Google Wallet Unveils Instant Buy API for iOS
Google's new Google Wallet Instant Buy API now makes it easier for mobile iOS users to pay for online purchases using their Google Wallet account without having to key in all their account details each time.
The first-time availability to developers of the new iOS version of the Instant Buy API was announced by Justin Wong, product manager of the Google Wallet team, in a June 11 post on the Google Commerce Blog. The API is meant to help online retailers sell more products to iOS users who want to pay for their purchases of goods or services using Google Wallet while having to type less on their devices.
"Typing shipping and billing information on mobile devices can be a difficult experience, which is one of the reasons why 97 percent of mobile shoppers abandon their shopping carts," wrote Wong. "We introduced Google Wallet Instant Buy to make checkout on mobile sites and Android apps easier and help shoppers speed through the purchase process—often in as few as two clicks."
Developers can now bring the same kinds of Wallet payment features to Websites for iOS users once they sign up to integrate and use the new API, wrote Wong.
Instant Buy gives merchants and developers easy integration that works with existing payment processors, secure payments with 24/7 fraud monitoring and fee-free use from Google, wrote Wong.
More information to adopt the API can be found in the Instant Buy iOS SDK documentation, according to Google.
In March 2014, Google Wallet gained some new order-tracking features, allowing users to receive status reports and purchase information right on their devices after they make purchases. So far, the improvements are available to U.S. users of Android devices running Version 4.0 or higher, or Apple iOS devices running Version 6.0 or higher. Customers are able to see receipts sent to their Gmail accounts when they are inside the Google Wallet app. And they can view shipping updates, including whether their package is out for delivery, delayed or delivered.
In November 2013, Google gave Google Wallet customers in the United States another convenient way to make purchases using the funds in their Wallet accounts by offering a new Google Wallet Card, a debit card with no annual or monthly fees. The Google-branded debit card lets Wallet customers take money out through ATMs, make purchases anywhere MasterCard is accepted and receive quick notifications on their mobile devices to track their expenditures, according to an earlier eWEEK report. While there are no fees from Google for transferring money to or from the card using a bank checking or savings account, a fee of 2.9 percent is levied when a user sends or receives money to or from a credit or debit card, according to Google. The minimum fee for such a transaction is 30 cents. Some ATM operators also charge an ATM fee to use the card, according to Google.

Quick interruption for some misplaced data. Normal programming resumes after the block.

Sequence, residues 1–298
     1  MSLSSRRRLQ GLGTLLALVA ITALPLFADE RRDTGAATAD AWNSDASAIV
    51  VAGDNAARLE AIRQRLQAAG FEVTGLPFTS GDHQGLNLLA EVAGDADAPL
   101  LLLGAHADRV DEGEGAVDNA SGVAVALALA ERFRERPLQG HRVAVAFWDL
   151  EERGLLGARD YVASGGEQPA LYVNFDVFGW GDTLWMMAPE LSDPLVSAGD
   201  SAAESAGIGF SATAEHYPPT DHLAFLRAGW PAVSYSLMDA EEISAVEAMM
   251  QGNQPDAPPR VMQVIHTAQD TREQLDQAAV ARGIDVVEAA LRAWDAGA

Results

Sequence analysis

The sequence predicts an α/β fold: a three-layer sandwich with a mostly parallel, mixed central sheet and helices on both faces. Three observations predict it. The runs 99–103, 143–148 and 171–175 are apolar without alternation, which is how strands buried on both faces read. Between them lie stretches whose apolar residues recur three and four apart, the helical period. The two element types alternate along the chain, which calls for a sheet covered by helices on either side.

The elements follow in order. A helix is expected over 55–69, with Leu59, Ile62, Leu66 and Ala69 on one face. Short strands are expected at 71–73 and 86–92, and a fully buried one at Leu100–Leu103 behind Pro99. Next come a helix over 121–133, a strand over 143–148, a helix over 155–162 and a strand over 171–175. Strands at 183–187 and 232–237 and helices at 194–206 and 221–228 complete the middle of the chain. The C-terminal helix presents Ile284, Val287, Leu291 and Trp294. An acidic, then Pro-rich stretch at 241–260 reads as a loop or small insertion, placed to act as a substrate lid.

In September 2013, Google released a new version of its Google Wallet app for Android phones that included improvements for sending money to others, getting special savings on online purchases and tracking purchases. The new version of the Google Wallet app rolled out for all Android phones Version 2.3 and higher.
In May 2013, Google announced that it integrated its Wallet payment services with Gmail, allowing users to safely and securely send money to a recipient in an email. The service, which allows up to $10,000 to be sent in a single transaction, works even if the recipient does not have a Gmail address. The new Google Wallet app also received that capability.